The composition of a person’s news diet affects the likelihoods of different types of protest, write Lorenzo Mosca, of Scuola Normale Superiore, and Mario Quaranta, of LUISS Guido Carli. The authors had balanced samples of German, British and Italian citizens respond to an e-mail survey. The survey asked the respondents of their media use and participation in both legal and illegal forms of protest.
According to the authors, increasing use of digital media also increases the likelihood of taking part in less risky, less formal forms of protest. For example, ‘digital univores’ were more likely than others to boycott products, while they were less likely to take part in illegal occupations and demonstrations. The more risky protest behaviour was more common with those respondents who used extensively all kinds of media. The authors did not recognize any significant differences between different countries.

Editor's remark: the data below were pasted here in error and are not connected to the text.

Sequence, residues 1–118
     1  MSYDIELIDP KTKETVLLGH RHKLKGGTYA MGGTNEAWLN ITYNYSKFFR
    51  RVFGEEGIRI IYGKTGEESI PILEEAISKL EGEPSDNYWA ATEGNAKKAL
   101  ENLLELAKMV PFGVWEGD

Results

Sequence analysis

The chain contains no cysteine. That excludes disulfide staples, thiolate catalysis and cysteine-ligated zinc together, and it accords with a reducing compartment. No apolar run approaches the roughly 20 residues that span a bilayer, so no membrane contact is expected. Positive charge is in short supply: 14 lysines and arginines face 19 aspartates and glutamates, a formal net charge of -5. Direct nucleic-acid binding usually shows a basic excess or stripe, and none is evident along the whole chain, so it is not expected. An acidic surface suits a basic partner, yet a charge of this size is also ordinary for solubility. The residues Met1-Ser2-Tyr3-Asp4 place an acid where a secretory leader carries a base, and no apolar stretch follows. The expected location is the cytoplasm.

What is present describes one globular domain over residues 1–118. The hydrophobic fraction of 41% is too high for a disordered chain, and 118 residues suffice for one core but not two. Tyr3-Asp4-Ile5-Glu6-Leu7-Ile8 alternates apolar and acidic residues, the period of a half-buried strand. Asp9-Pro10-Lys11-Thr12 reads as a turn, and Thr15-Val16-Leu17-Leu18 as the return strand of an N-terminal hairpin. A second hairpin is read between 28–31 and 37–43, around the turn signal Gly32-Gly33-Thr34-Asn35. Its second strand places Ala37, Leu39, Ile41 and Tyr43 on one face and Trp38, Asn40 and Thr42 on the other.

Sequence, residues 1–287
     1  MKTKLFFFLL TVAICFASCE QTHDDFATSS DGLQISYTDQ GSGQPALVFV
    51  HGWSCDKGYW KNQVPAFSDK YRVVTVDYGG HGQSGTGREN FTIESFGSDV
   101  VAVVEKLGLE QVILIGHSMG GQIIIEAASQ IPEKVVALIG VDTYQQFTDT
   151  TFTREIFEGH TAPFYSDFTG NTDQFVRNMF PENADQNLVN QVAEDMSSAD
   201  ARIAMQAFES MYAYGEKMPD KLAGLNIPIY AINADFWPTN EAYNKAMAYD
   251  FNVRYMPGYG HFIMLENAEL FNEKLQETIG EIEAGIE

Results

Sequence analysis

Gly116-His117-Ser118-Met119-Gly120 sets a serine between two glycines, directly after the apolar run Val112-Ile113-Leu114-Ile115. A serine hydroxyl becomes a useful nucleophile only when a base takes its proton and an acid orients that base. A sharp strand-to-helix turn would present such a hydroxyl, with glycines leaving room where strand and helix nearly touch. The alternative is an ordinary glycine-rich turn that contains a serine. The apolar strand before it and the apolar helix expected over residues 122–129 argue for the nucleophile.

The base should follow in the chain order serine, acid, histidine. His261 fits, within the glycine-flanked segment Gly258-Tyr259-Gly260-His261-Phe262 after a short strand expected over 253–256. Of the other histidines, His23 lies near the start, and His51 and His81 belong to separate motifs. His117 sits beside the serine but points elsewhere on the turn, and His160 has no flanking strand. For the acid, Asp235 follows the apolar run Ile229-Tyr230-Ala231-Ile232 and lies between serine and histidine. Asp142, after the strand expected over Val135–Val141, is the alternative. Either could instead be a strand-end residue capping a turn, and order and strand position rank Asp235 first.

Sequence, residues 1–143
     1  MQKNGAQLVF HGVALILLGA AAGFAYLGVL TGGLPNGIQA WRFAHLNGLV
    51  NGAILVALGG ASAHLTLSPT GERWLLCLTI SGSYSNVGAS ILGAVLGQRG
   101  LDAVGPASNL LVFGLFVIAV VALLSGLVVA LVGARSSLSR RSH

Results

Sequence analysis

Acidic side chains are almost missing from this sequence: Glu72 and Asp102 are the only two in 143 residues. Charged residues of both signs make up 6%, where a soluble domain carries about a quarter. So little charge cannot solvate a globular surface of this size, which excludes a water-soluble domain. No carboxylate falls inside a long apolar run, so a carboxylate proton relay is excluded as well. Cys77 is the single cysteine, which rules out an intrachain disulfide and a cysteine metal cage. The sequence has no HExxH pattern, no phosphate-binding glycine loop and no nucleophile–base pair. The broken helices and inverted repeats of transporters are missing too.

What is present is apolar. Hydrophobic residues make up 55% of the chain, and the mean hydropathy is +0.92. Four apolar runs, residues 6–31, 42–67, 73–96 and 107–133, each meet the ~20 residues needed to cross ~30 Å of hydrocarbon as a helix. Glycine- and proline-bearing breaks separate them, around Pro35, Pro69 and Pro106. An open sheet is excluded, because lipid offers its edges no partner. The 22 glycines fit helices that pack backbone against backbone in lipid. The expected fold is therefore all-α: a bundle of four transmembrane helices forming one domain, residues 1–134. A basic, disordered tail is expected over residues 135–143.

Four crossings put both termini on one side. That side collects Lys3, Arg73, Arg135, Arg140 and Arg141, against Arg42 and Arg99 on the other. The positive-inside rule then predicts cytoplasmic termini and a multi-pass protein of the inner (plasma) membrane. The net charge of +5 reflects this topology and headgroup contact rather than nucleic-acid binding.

The article News diets, social media use and non-institutional participation in three communication ecologies was published by the journal Information, communication & society. It is freely available online.
Picture: Untitled by Hans, licence CC0 1.0.